Tuesday, July 25, 2017

Update from Nagoya, Japan - A Night on the Town!



Last Friday in Japanese class, we had just started learning how to politely ask for permission. Little did I know, that grammar structure would become very useful that same night.

After class, a couple friends and I bought unlimited weekend metro passes with the intention of seeing as much of Nagoya as we could in 72 hours. Our first stop-- Sakae.

Sakae is the "downtown" area of Nagoya, famous for its many animal cafes, eateries, stores, and vibrant nightlife. We got off at Sakae station and immediately stumbled into a bunny cafe. It was like a rabbit-themed Starbucks. Animal cafes are a growing trend in the United States but have been a staple in Japan for almost a decade. This was my first time going to one and found it to be a great way to unwind, especially after a long week of classes.

After we got our fill of hot chocolate and cute bunnies, we set off to shop. One thing I noticed almost immediately when I arrived in Nagoya was the difference in fashion. Outside of business attire, people dress rather modestly. Rather than tank tops and short shorts, most women wear loose-fitting blouses, flare pants, below-the-knee length dresses or skirts, and high heels. As for men, loose-fitting t-shirts, joggers, and sandals are the norm. Notably, jeans are rather uncommon for both men and women. The stores we visited reflected these more modest fashion preferences, some even selling kimono, yukata, and other traditional Japanese garments.

Before we knew it, the sun had set. Shopping bags in hand, we were looking for our next stop when we started to hear the rumble of drums. We followed the sound to its source and found a live band playing a rendition of "Payphone" by Maroon 5. The band's name was "Doos". On their website, they describe themselves as "Nagoya's instrumental street-performers". Growing up near New York City, I'd seen street performers many times before. Being a drummer and having attended and performed at shows myself, I can say with confidence that Doos' quality of performance was comparable to that of a sold-out concert.

Without a stage, they commanded attention. Traffic notably slowed and passersby soon formed a crowd. Doos' energy was so contagious that even the sternest-looking business men and women in the back of the crowd started bopping their heads to the beat. After their last set, my friends and I rushed to join the line to meet the band and buy a copy of their CD. While waiting, we frantically rehearsed what we would say to them in Japanese. I'd remembered that earlier in the day in class, we had just learned how to politely ask for permission. I brought it up and joked that I should ask to play on their drum set. Thinking I was serious, my friends immediately grasped onto the idea and urged me to do it. In truth, I'm usually very hesitant to ask for favors, let alone make such a bold request and in a foreign language.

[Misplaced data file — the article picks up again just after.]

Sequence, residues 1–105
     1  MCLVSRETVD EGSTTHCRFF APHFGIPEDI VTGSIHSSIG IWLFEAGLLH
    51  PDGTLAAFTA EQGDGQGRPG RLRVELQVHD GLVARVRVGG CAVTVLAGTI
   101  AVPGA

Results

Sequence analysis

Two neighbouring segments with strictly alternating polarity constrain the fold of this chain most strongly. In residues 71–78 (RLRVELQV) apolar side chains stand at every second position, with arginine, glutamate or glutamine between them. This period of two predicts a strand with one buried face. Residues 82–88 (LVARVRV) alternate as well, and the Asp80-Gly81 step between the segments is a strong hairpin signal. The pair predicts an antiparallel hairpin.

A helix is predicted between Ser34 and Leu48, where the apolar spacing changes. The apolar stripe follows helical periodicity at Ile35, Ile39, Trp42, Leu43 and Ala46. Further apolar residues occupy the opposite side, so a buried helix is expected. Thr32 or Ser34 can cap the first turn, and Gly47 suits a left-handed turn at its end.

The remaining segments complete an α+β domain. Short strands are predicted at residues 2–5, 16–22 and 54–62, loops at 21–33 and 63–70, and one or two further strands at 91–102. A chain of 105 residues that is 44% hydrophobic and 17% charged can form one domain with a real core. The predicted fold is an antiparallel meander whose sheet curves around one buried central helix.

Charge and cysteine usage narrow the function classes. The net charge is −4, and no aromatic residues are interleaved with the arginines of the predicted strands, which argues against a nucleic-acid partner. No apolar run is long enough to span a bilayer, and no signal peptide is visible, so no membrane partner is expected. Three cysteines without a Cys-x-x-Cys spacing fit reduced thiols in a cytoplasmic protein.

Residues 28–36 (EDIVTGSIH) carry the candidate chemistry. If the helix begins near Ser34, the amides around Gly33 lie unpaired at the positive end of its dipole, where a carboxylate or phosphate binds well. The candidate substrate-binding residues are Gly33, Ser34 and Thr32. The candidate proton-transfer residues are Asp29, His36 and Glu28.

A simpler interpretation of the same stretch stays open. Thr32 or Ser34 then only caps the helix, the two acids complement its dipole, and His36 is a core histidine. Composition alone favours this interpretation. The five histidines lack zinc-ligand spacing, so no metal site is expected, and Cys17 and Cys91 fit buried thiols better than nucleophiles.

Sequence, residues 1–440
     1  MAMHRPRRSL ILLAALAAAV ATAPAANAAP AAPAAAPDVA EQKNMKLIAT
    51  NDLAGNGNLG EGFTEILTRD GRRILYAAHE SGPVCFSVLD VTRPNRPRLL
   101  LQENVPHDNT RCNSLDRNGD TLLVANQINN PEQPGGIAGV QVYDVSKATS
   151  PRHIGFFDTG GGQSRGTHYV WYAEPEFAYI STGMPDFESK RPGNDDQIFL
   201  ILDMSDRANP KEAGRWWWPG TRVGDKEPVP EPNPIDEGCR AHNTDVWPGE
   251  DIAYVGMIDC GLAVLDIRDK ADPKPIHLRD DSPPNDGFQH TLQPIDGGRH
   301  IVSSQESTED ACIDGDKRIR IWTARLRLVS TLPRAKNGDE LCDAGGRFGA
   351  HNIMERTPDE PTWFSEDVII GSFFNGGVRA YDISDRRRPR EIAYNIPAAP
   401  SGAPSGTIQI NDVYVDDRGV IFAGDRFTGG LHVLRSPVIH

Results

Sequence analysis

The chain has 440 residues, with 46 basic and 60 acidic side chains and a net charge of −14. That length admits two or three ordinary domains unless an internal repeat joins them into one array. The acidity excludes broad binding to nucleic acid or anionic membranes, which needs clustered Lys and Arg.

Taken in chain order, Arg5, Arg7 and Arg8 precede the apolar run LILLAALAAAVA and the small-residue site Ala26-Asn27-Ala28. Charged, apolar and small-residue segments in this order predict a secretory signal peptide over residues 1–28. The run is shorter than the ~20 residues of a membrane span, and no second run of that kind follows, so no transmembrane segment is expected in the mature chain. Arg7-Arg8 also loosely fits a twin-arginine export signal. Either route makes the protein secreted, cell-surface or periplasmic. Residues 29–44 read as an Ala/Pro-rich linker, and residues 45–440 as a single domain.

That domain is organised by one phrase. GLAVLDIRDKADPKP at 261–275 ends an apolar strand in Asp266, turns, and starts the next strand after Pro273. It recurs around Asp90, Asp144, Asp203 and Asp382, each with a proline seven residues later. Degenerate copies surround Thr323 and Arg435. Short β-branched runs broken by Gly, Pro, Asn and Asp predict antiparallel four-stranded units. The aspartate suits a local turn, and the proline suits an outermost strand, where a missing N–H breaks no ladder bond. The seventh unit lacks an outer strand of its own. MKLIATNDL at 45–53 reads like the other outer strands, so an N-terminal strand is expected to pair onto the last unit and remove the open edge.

We got to the front. My voice trembling, I finally said, "すみません、宜しければ、ドラムをさせていただけませんか。" which roughly translates to, "Excuse me, if it's okay, would you give me the pleasure of playing on the drum set?" To my surprise, they said yes! In fact, they joined in with my playing and we improvised for about ten minutes. The last thing I expected when I chose to study abroad in Japan was to perform with a rock band in front of a live audience, but there I was. The nerves from before melted away-- I was at home.

Thanks to this program, not only did I get a chance to immediately apply what I had learned in the classroom, but I also got to create something beautiful. I think it's incredible how despite having never met before, despite the language barrier, and despite all the our differences in background and culture, we were still able to come together and breathe the same rhythm. That night is easily one of my most cherished memories ever. I am incredibly humbled and grateful.

Be on the lookout for my vlog on my trip to Kyoto!

Until then!

Irene Mutwiri
George Washington University - Elliott School of International Affairs
B.A. International Affairs
Sigur Center 2017 Asian Language Fellow
Nanzan University - Summer Japanese Program, Japan

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